Lindsay, A. 2020, Healthy Tips For Picky Eaters, Extension | University of Nevada, Reno, IP
Girl eating

Exploring Food: How to Explore New Food with Preschoolers

Do any of the statements below remind you of your mealtime with kids?

  • "How many peas do I need to eat?"
  • "Ew. I don't want to try that."
  • "Is there anything else to eat?"

Because you want your child to grow healthy and strong, your child's picky eating can be cause for concern. Studies show that most children do not consume the recommended amount of fruits and vegetables, and picky eaters tend to shy away from vegetables, so that concern is understandable. Fortunately for most parents, a child's picky eating is temporary. If you don't make it a big deal, it will end before school age. Try the following tips to help deal with your child's picky eating behavior in a positive way. Check the ones that work for you and your child.

Get Creative

  • Add fruits and veggies to foods they already like
  • Mix blueberries and oats into pancakes
  • Add sliced fruit to your child's favorite cereal
  • Serve shredded veggies over rice or whole wheat pasta
  • Make smoothies with fresh or frozen strawberries, a banana, and low-fat yogurt

Stock Up on Healthy Choices

  • Buy healthy fruits, veggies, whole grains, and low-fat dairy products.
  • Keep healthy foods where they're easy for your kids to see.

Limit "Junk Food" in Your Home

Limit the number of foods high in fat and added sugar that you bring into your home.

Try New Foods

Forcing your child to eat certain foods will only cause stress for you and your child.

  • Serve a few fruits and veggies at mealtimes. Offer choices, for example, "Would you like broccoli or cauliflower for dinner?"
  • Let your kids try small portions of new foods that you enjoy. Give them a small taste at first and be patient with them. When they develop a taste for more types of foods, it's easier to plan family meals.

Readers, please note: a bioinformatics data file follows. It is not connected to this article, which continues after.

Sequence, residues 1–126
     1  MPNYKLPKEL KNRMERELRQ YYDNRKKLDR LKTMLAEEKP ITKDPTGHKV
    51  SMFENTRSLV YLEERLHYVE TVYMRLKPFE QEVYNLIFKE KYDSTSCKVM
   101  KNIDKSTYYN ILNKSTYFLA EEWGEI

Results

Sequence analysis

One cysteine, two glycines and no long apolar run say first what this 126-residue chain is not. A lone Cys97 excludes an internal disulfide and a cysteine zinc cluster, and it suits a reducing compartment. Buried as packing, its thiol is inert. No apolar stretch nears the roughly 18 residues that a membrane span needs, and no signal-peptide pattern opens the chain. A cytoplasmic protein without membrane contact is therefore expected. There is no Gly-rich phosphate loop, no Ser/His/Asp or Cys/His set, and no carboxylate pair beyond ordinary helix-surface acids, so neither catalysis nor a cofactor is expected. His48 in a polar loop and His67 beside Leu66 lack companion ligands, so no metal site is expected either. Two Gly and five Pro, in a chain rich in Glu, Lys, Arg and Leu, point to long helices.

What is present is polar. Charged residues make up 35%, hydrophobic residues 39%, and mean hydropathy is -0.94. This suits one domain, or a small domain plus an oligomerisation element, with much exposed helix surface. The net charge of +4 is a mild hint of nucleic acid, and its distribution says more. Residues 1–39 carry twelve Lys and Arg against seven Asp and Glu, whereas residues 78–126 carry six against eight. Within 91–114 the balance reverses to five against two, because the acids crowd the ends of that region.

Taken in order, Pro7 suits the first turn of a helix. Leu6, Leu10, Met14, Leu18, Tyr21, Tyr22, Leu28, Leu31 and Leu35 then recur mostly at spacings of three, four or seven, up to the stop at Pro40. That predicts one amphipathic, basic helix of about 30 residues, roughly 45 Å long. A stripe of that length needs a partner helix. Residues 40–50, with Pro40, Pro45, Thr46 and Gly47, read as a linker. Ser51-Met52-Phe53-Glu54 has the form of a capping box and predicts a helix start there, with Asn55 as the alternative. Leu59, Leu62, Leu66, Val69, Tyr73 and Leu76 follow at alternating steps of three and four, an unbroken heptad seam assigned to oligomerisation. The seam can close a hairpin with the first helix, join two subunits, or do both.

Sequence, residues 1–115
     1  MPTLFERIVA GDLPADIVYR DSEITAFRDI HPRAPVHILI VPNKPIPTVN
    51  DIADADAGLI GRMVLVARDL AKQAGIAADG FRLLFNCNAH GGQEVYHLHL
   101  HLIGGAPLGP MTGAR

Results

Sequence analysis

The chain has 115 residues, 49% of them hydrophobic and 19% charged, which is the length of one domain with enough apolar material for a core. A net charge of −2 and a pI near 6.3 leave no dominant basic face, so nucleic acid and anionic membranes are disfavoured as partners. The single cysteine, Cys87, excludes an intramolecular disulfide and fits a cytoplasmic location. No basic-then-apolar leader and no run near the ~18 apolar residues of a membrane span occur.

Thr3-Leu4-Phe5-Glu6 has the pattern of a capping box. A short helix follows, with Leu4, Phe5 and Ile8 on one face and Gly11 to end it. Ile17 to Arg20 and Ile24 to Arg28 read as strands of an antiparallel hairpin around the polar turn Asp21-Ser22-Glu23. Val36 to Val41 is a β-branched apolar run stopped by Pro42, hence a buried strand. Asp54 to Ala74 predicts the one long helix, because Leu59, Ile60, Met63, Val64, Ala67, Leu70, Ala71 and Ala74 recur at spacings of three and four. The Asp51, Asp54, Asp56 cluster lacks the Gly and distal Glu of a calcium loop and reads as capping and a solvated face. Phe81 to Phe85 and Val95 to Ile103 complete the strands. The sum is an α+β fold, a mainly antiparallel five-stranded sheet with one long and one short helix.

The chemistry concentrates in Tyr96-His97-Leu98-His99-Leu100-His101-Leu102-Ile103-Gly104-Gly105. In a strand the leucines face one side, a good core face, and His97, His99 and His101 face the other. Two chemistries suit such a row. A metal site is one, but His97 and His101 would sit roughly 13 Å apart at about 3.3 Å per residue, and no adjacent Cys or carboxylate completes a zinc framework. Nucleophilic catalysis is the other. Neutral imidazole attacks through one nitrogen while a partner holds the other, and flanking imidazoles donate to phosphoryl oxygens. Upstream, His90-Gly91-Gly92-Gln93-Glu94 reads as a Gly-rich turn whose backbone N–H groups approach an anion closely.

• Give options for snacks, suggest snap peas, sliced bell peppers, cucumbers, kiwi, or blueberries.
  • Offer only one new food at a time. Serve something that you know your child likes along with the new food. Offering more new foods all at once could be too much for your child.
  • Offer new foods many times. Sometimes, new foods take time. Kids don't always take to new foods right away. It may take several tries for a child to accept a new food.
  • Serve the same foods for the whole family. Avoid being a "short-order cook," making a different meal for your child.

Enjoy Each Other While Eating Family Meals Together

Talk about fun and happy things. If meals are times for family arguments, your child may learn unhealthy attitudes toward food.

eat together

Lead by Example

  • Be a good role model. As a parent, you are your child's most important role model - especially when it comes to making healthy choices. They learn by watching you!
  • Eat with your child. If you eat healthy and try new foods, your child will, too.

Make Healthy Food Fun to Eat

  • Cut baked chicken, low-fat cheese, and veggies into bite-size pieces. Let kids "dip" these pieces into dunking sauces. Try hummus, low-fat ranch dressing, salsa, ketchup, or mustard.
  • Cut food into fun and easy shapes with cookie cutters.
  • Give your kids the ingredients to "build" their own healthy salad, taco, or pizza. Name the food after your child, eg. "Susan's Specialty Salad".

Let Kids Help with Meals and Snacks

Have your kids prepare meals and snacks with you. Children are more likely to eat food that they help make.

Let them help:
  • Make the shopping list
  • Pick out food at the grocery store
  • Wash produce
  • Slice, mix, bake, or cook food (as age-appropriate)

References

USDA. (2018, March 1). Healthy Tips for Picky Eaters. Retrieved from www.choosemyplate.gov

NHLBI. (n.d.). We Can! Parent Tips: Picky Eaters. Retrieved from www.nhlbi.nih.gov.

We Can! Parent Tips: Picky Eaters. Retrieved July 25, 2019

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